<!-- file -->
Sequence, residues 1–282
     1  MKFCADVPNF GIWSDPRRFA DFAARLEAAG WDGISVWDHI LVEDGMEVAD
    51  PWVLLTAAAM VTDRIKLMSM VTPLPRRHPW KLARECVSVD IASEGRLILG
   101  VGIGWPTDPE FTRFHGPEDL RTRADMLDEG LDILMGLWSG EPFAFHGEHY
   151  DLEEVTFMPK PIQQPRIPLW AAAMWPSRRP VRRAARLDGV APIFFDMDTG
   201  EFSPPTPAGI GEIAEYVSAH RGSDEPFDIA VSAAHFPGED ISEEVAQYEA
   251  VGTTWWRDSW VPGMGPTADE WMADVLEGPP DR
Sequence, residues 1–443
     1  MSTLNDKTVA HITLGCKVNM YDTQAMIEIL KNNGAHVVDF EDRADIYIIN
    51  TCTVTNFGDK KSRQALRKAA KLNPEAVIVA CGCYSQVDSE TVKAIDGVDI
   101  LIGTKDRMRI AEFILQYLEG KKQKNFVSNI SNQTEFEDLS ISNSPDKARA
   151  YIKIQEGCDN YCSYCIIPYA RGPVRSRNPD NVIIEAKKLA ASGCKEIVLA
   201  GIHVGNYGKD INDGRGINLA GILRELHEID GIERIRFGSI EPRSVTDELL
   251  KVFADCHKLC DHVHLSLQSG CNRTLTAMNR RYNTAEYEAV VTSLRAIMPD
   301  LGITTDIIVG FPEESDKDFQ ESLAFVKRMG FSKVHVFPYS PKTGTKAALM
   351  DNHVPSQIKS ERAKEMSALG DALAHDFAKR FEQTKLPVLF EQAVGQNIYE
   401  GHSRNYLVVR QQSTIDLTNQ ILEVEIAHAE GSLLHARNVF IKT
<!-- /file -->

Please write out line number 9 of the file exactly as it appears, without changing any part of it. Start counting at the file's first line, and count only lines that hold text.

     1  MSTLNDKTVA HITLGCKVNM YDTQAMIEIL KNNGAHVVDF EDRADIYIIN